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HP’s Ohav Emeth Holds ‘Bible & Bourbon’ Event

Congregation Ohav Emeth in Highland Park held an event of good spirits on Motzei Shabbat, December 11, drawing over three dozen community members to “Bible and Bourbon”—an evening of enlightening Torah, humorous anecdotes, delicious food, and of course, a variety of bourbons.

Synagogue President Michael Garber noted that the event was the result of a brainstorming effort to come up with programming that would appeal to a broad cross-section of members. Josh Beil, event co-chair, noted that they decided to focus on bourbon for many reasons, not the least of which was that not many people know much about it. He also offered to serve as designated driver for any attendee who, after the samplings, wanted a ride home.

Rabbi Eliyahu Kaufman welcomed attendees, noting that he is not only the spiritual leader of the congregation—at this event, he was the leader of spirits. He added that in this era of COVID, he wanted to make sure people got their shots. He also said he would make his remarks short, so as not to drive the audience to drink.

Shul member Rabbi Meir Lipschitz provided a brief lecture on the history of bourbon, kashrut aspects and other useful information. He stated that straight bourbon does not require kosher certification because of several legal requirements and specified criteria related to its manufacture in the United States. Key amongst them is the fact that bourbon must be made in new charred barrels and consist of only corn and grains. The flavoring comes from the length of time spent in the barrels. Bourbons that are mixed with other liquids and/or removed to other barrels for additional flavoring must state so on their labels and would require a hechsher.

Interestingly, many of the bourbon distillers in the United States are owned by Jewish people, leading to the question of whether their product can be used as it is chametz, and had not been sold over Passover. The discussion continued as to whether bourbon and other liquors can be used for kiddush, Havdala or other ritual purposes. Several rabbinic opinions were noted, but most agree that since alcohol (such as bourbon) is consumed for enjoyment and not to quench thirst, a 1-ounce serving is needed for kiddush and a bracha achrona.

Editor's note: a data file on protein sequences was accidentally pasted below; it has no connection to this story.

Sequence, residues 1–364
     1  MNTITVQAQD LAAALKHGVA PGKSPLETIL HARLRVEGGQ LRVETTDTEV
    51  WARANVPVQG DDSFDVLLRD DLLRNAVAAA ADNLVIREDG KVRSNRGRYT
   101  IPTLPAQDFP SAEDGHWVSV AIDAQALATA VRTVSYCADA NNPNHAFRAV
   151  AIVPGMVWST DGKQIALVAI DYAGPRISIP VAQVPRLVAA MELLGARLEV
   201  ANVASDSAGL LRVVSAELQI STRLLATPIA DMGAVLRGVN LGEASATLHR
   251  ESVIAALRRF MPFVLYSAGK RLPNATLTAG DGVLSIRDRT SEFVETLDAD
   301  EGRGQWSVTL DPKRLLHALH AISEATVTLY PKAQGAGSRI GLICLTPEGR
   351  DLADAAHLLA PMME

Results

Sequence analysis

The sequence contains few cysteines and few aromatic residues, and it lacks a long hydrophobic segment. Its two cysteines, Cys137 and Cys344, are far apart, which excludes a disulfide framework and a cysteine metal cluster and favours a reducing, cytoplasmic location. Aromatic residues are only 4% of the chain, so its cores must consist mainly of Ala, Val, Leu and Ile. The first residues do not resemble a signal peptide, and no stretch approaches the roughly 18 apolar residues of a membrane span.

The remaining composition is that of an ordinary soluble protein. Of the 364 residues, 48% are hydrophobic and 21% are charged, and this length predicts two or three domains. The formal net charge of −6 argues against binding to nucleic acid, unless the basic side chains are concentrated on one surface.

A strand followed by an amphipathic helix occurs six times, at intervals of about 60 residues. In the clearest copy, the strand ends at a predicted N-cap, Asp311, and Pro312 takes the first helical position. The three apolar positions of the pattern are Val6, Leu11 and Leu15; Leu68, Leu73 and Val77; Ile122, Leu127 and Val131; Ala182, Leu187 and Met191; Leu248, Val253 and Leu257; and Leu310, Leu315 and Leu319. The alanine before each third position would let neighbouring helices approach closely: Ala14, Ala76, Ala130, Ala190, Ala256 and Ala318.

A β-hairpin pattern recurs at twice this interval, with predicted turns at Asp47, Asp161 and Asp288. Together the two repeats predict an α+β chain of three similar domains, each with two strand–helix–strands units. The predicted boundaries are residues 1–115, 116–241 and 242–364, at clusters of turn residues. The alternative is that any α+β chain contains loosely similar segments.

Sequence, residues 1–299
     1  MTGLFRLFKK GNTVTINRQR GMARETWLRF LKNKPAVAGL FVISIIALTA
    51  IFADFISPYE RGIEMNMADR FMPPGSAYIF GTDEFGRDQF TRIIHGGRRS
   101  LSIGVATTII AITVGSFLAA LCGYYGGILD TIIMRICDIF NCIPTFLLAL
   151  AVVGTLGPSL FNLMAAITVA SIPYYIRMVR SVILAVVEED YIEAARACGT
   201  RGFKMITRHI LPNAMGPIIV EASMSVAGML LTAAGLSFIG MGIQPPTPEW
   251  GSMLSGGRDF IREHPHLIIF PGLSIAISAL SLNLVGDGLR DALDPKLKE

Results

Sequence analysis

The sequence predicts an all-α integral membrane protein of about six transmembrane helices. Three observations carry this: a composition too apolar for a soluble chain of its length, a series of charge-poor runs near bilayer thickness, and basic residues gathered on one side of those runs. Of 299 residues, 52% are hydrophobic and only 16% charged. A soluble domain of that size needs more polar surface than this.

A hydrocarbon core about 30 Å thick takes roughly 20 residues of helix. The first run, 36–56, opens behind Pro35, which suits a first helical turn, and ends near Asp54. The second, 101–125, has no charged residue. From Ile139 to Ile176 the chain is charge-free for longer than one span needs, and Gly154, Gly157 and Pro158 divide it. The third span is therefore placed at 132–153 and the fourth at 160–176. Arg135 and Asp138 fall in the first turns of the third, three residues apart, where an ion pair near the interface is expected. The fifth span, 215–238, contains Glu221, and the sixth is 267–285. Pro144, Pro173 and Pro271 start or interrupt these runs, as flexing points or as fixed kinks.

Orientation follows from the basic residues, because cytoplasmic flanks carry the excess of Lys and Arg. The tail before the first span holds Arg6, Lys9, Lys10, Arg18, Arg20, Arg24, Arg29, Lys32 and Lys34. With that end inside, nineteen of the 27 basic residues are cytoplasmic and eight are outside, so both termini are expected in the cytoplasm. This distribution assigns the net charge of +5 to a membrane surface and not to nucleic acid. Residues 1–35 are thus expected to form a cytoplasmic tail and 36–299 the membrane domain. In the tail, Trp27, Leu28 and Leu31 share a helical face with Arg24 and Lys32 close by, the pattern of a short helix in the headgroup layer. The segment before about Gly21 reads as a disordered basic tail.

By definition and law, bourbons must be at least 51% corn. The remaining grains can be wheat, barley, etc. If a bourbon is made of 100% corn, Sephardim would be able to consume it on Passover.

Pat McCarthy of Bayway Liquors in Elizabeth presented five bourbons that were used for the sampling. He introduced each one, described their distinctive notes and flavorings, and gave attendees time to savor them. Water and light snacks were available on each table to clear the palate between products. Surprising undertones of some of the samplings included mint, caramel and vanilla.

McCarthy also provided the best ways to taste the bourbon and use your other senses (smell, sight) to pick up the nuances of each sample. Interestingly, bourbon barrels were originally charred centuries ago to remove the odors and lingering flavors of whatever the barrels held previously. At some point, people realized that the charring imparted pleasing flavors and colors to the alcoholic beverage. To maintain distinctiveness, bourbons were required to be made in new barrels, but the charring criteria remained.

Blanche Leichtman of Edison attended the event with several family members. She is a non-drinker, but it was her birthday and her family thought it would be a fun event to attend. They were looking forward to the bourbon tasting, but she was looking forward to the catered food.

Catering was provided by Elegant Events Catering Company, based at the Rabbi Jacob Joseph Yeshiva in Edison, and a new local business: Kosoco (Kosher Southern Comfort), provider of slow-smoked meats.

Jay Dobin of Highland Park attended with one of his sons to not only support the shul, but to meet new people and welcome visitors. Lilah Braun of Highland Park noted that wine tastings have gone sophisticated and upscale, yet “heimishe people still love their liquor.” As Michael Atkin noted, “I came for words of Torah, brochos—and of course, the bourbon.”

Alan Borck of Edison said that as a member of the congregation for 37 years, he was delighted to see generations of young people move to the neighborhood and become active members.

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